Here is what I learned while being alone

To: Those in quarantine

From: Lauren Brill

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To those in quarantine

It’s been almost two weeks since I began quarantining. Heading into this madness, I had life completely under control. My new business was growing. I was loving living near the beach. Plans were all set for a trip to New York, where I would see my parents and talk to nine high schools and colleges about my story and the lessons I have learned along the way.

Then, COVID-19, a highly contagious virus, took hold of the country. In what seemed like a blink of an eye, everything changed.

Lauren is quarantining with her dog Wylie.

I canceled my trip.

The economy suddenly began to crumble.

And I seemingly lost control of my life.

Now, I sit in my apartment worried about my parents, my friends and the state of our country. As someone who usually is one step ahead of even the most challenging situations, I feel 12 steps behind. My brain is rattled, as it can’t fully process the magnitude and uncertainty of the situation.

So many questions loom:

What if my parents catch the virus?

When am I going to be able to see my family again?

How will the economy hold on?

When and how will life return to some version of normal?

My brain is rattled, as it can’t fully process the magnitude and uncertainty of the situation.

Despite my incessant googling, I am unable to find answers, as life feels like it is standing still. In the past, I have used the stories I have told about others as a way to navigate personal hurdles. Through people’s stories, I can remove my emotions and proceed in life with clarity and strength.

Lauren is separated from her family, who are all in New York.

Throughout these few days in quarantine, two stories have come to mind.  The first is about a young man named Michael Friedman, aka Mikey. Mikey was a brilliant and kind teenager when he was diagnosed with a rare form of cancer one day after his 15th birthday. It wasn’t an illness threatening the whole world, but it was certainly a disease that was attempting to destroy his world.

Life as he knew it quickly changed. He adapted to regular treatments and hospital stays while continuing to pursue his goals.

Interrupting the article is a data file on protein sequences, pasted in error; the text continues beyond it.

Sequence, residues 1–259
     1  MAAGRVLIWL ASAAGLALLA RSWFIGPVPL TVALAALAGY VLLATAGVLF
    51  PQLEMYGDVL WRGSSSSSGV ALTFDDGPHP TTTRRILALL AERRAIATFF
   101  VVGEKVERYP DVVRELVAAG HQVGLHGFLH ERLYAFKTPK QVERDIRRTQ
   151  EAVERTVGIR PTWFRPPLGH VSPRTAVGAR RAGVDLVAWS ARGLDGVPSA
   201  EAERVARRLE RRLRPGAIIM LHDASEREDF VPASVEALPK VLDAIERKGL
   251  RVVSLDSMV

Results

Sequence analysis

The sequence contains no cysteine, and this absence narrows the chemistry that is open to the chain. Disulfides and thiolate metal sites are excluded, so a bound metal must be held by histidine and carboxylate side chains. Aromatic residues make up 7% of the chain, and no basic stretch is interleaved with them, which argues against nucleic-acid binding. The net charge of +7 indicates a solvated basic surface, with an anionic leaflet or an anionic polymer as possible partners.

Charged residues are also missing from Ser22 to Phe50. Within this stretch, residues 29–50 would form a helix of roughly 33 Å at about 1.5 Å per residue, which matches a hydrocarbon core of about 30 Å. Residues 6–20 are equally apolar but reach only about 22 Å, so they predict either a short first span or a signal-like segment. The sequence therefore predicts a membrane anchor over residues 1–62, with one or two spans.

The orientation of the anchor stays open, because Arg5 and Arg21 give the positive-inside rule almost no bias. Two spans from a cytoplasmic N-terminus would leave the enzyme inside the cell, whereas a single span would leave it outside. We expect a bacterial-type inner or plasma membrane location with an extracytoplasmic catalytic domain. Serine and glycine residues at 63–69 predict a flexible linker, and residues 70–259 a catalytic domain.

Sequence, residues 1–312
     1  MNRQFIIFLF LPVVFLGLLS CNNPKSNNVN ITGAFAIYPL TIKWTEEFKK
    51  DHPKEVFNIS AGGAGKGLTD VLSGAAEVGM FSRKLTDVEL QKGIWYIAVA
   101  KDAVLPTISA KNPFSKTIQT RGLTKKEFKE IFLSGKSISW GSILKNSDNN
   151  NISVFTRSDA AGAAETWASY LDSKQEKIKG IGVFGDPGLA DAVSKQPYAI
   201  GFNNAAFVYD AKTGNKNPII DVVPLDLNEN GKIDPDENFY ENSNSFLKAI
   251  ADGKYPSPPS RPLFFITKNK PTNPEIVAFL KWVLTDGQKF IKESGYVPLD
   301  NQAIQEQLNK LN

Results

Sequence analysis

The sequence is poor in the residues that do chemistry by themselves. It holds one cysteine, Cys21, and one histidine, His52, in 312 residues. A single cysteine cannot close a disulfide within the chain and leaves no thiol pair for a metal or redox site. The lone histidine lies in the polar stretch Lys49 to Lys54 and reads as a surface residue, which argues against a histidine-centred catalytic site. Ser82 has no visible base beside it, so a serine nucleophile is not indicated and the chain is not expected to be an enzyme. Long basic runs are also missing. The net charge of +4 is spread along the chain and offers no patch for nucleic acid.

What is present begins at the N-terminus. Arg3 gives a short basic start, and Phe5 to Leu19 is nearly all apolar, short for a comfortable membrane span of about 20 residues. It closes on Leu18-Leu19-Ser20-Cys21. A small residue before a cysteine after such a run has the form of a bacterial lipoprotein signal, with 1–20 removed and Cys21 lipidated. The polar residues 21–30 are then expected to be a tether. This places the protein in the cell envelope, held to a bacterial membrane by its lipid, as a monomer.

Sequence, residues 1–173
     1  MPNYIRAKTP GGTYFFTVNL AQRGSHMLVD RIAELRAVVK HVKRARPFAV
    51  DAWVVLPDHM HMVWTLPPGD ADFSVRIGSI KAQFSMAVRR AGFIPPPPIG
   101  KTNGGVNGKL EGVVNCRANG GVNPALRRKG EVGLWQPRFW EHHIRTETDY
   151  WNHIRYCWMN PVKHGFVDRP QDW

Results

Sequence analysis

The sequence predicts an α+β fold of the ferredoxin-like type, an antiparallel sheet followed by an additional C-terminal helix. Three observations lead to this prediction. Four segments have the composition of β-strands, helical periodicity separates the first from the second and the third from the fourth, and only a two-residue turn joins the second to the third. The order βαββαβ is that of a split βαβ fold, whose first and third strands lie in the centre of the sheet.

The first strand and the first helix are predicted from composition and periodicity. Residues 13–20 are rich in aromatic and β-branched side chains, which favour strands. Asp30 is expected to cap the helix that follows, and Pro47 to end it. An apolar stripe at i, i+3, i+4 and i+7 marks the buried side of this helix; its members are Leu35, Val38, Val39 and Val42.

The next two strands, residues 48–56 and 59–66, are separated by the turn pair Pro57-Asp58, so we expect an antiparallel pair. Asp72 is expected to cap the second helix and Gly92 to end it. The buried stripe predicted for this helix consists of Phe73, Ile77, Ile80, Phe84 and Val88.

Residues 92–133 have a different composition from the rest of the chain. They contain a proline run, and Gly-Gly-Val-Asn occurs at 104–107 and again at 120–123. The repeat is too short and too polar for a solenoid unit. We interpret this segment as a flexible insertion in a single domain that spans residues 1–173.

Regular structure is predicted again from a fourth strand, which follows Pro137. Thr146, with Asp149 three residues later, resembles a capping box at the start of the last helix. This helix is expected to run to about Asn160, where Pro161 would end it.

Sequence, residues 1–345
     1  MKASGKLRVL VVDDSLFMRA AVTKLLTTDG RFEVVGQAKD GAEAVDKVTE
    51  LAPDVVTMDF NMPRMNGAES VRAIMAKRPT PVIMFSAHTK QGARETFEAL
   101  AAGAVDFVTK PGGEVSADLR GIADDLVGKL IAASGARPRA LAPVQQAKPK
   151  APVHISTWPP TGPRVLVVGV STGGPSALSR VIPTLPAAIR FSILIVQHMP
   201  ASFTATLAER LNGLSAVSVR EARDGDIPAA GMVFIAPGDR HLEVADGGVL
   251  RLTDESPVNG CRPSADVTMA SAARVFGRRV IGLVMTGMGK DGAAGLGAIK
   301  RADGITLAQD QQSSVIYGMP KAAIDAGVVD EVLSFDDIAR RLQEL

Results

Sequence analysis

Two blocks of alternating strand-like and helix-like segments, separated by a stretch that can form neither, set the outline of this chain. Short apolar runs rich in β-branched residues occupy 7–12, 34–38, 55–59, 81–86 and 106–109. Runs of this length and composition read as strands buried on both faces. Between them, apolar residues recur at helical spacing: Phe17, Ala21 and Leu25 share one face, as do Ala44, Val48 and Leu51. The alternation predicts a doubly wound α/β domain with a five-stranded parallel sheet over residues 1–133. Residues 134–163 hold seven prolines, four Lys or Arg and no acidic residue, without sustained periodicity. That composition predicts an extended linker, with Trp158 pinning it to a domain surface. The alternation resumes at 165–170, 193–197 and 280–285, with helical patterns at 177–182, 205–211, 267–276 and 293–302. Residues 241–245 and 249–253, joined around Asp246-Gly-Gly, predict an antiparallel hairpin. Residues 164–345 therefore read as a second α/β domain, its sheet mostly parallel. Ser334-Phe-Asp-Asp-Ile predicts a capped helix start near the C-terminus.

Mikey Friedman founded Mikey’s Way during his own battle with cancer.

While battling cancer, he graduated valedictorian of his high school class, got accepted to Harvard University and began studying to be a scientist in hopes of curing cancer.

When the disease took a turn for the worse, he had an opportunity to make a wish with the Make-A-Wish foundation. Initially, he asked if he could start a charity of his own. At the time, the organization told him that starting a charity wasn’t an option. He then asked for a shopping spree at Best Buy. He bought a bunch of electronics, but instead of taking them home, he brought them to a local hospital and gave them all away. That’s how the foundation, Mikey’s Way, started. It’s a non-profit organization that provides new electronics for children with life-threatening illnesses.

Very sadly, Mikey passed away when he was 19 years old. But before his passing, Mikey was asked why he started Mikey’s Way. Why didn’t he just make a wish for himself?

He said, “The best gift you can get in life is to give to someone else.”

As I think of Mikey and his story, I browse the internet and see people offering strangers money. No questions asked. Others are buying the elderly groceries to lessen their chances of being exposed to this disease wreaking havoc on our country. One of my best friends, who is a psychotherapist, offered advice to my readers, helping my business and the community.  I have received messages and phone calls from friends, some of which I have not spoken to in months, merely asking, “Are you OK?”

The other story that has been on mind is about a man named Adir Freilich. Adir was among the passengers on the plane that landed in the Hudson River in 2009, aka the Miracle on the Hudson.

“Brace for impact!,” the pilot said before the plane hit the water.

The impact was hard, but once they were on the Hudson River, the pilot told everyone to evacuate.

When Adir realized he was OK, he looked at the person next to him and said, “We just survived a F*ck’n plane crash.”

Adir says he enjoys and appreciates life, especially after surviving a plane crash.

He said he’s been smiling ever since, as he explained, “I can see the light at the end of the deepest and darkest tunnels.”

Adir claims he is the luckiest person, but he also says he isn’t the only one.

He told me, “If you take the time every day to think about how lucky you are for the opportunities and people in your life, you will genuinely be happier.”

I hope we now realize the privilege we have every time we leave our homes. I hope we appreciate the accessibility we usually have to loved ones. And more than anything, I hope we acknowledge that life is not guaranteed and each day we are here makes us lucky.

Yes, it sucks being trapped in my apartment alone.

Yes, I am worried about what’s to come.

Yes, I am hundreds of miles away from family, who I think about each moment of every day.

But I also realize, right now, we are left with an opportunity to focus on two of life’s most precious gifts, the gifts of giving and gratitude.

Stay safe. Stay healthy. Stay home.

We are in this together. Let’s come out of this better.

With love and hope,

Lauren Brill
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One thought on “Here is what I learned while being alone

  1. Nothing like maintaining a positive outlook! When i need to fight off despair i set goals. It is a great way to fight off negative thoughts and feeling!

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